By Dikembe Disembe
Not long ago, I used to read zealously opinion articles from a few writers of the DailyÂ Nation and TheÂ Standard Newspapers. I read Ali Mazrui; to date, I can’t recall when that was. All I know I is that I must have been a young toddler primary school, long before I entered journalism class in a public university. I am now a finalist!
I still read the ‘fifth columnist’ Philip Ochieng. Once in a while, I have been lucky to engage this media colossus on twitter.
To know the thinking within the Jubilee legal fraternity, I read Ahmednasir Abdulahi. To understand the thinking within the ‘government’, I read a combination of Macharia Gaitho and Mutuma Mathiu and almost ‘all of them’.
That’s why I must have been taken aback when, reading the Daily Nation, Gaitho ‘uncharacteristically’ got pissed off because of the recent ‘draconian’ media bill.
Macharia Gaitho was part of the men who organized the media-statehouse breakfast a few months ago. As the Chairman of Kenya Editor’s Guild, Gaitho played a central role in the ‘success’ of a meeting which left many Kenyans awed. As he says, ‘he does not regret it’, yet he oxymoronically asks in the same article, ‘how did such an obnoxious law as the Kenya Information and Communications Act navigate its way through all the process to win passage in Parliament in the first place?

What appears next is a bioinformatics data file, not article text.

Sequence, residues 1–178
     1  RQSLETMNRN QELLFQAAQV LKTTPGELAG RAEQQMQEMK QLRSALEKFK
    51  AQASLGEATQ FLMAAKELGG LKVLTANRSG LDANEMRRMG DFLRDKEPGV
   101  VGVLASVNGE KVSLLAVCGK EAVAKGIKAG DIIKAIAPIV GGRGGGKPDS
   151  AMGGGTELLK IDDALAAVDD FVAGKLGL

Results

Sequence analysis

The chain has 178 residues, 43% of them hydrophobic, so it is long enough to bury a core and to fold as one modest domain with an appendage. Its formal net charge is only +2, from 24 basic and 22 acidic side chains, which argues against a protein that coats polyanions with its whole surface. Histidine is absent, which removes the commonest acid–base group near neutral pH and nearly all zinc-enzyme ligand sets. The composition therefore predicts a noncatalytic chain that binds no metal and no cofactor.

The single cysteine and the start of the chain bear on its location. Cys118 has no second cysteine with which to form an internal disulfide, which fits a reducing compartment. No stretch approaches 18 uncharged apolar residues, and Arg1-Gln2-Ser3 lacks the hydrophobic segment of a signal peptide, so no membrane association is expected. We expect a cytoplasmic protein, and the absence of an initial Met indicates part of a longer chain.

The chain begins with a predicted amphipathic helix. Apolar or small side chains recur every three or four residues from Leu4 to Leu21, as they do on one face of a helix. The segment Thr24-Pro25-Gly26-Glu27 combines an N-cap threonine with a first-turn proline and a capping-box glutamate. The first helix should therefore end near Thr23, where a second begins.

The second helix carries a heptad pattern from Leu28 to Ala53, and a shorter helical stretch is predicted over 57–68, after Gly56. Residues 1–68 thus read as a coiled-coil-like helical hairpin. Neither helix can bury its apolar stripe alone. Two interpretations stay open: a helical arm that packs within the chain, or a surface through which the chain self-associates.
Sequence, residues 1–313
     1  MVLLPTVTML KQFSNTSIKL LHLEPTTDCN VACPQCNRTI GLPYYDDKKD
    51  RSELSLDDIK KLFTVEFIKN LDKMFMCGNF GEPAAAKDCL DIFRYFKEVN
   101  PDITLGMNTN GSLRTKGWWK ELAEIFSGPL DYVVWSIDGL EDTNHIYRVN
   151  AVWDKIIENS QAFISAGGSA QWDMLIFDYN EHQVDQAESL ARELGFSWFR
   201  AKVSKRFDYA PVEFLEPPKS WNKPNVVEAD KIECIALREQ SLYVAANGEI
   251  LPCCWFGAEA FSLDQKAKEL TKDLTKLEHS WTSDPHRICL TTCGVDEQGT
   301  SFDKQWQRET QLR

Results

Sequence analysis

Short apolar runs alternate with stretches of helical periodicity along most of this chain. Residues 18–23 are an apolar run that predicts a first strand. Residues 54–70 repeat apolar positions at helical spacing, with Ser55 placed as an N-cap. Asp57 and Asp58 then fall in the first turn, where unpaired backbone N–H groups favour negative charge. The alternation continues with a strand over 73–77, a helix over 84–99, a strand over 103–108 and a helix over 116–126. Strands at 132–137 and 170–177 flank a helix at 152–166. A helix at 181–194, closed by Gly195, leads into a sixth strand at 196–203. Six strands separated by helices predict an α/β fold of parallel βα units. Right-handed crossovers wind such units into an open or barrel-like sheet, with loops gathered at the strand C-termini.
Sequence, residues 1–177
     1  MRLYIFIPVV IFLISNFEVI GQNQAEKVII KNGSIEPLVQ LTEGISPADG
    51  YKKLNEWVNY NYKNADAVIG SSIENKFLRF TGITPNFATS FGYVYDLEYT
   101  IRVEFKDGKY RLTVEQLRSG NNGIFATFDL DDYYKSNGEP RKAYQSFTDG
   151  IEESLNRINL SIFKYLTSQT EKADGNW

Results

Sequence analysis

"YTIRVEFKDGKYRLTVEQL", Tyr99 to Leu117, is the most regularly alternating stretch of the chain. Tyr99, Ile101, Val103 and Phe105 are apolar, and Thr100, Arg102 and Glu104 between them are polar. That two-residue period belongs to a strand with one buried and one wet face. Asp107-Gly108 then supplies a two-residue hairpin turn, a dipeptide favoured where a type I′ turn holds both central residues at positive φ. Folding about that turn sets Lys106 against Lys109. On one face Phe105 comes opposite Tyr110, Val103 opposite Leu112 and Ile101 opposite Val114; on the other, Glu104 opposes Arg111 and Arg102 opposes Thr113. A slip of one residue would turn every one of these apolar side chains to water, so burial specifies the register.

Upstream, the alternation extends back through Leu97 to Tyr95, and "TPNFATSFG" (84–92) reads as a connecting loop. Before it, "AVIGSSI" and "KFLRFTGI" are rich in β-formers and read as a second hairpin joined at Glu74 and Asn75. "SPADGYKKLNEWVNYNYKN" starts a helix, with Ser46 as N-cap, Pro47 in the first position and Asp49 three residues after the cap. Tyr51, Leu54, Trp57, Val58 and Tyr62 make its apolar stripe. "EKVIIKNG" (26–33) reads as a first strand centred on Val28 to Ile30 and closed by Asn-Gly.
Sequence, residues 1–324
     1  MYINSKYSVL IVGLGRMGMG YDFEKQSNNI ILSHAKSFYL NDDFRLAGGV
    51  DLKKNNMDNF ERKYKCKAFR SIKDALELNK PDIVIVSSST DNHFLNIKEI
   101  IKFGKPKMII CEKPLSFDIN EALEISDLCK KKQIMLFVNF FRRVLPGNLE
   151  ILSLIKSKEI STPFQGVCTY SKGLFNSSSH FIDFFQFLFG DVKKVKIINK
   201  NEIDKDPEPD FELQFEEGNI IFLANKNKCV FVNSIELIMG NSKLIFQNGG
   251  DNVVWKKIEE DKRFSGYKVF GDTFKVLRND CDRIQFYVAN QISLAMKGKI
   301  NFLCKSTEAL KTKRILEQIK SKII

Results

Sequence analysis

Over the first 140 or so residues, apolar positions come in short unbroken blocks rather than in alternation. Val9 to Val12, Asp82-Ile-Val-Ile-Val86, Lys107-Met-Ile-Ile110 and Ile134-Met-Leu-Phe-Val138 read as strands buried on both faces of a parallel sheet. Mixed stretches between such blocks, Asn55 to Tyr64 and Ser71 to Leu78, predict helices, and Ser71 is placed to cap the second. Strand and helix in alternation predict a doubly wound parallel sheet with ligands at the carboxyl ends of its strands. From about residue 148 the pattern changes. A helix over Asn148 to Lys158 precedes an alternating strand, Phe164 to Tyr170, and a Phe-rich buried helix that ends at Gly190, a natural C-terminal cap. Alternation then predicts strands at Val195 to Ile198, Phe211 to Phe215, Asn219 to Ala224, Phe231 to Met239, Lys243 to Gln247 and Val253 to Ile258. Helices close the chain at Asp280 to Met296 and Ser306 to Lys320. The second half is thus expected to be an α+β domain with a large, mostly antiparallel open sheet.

It is difficult to tell whom Macharia’s question is directed to; because, that is the sort of question that any right-thinking journalist needs to help society not to ask in the first place! But Gaitho is right in asking that question. You know why? As his younger proteges in newsrooms left statehouse, many of them were awed by the state officialdom. Some where in the frenzy, everyone took to Face book and twitter; they have have never come out!
“How did the equally reprehensible Media Council Bill make its way through all the processes to the debate state?” Gaitho, unapologetically, asks again!
Gaitho’s questions appals every right-thinking citizen. Here is a senior member of the fourth estate asking Kenyans questions that his field reporters, investigators, sub-editors, editors and even the ‘media owners’ claim ignorance of; and now engages the public in a deliberate anti-government slander which reeks of pure idiocy.
Many have argued here that Uhuru Kenyatta’s win was an indictment of the manner in which journalism is practised in Kenya. Macharia does not deny this, instead, he goes to defend the indefensible, quipping in his opinion piece that “I donâ€™t regret honouring that breakfast invitation because I know that no pact was struck . . .”, he goes on to say, “any newsman would be foolish to snub key decision-makers on partisan grounds”.
Ooh, but the government – a key decision maker – just did that, Mr Gaitho?
The problem with Macharia, seemingly, is the old mindset dominant among most media personalities of his age: he still thinks the media ‘owns the breaking news’. He feels that those Kenyans on the left are just mad at the media because “they did not declare Raila Odinga the winner of the March 4 elections”. He reifies this left as ‘opposition supporters and civil society’.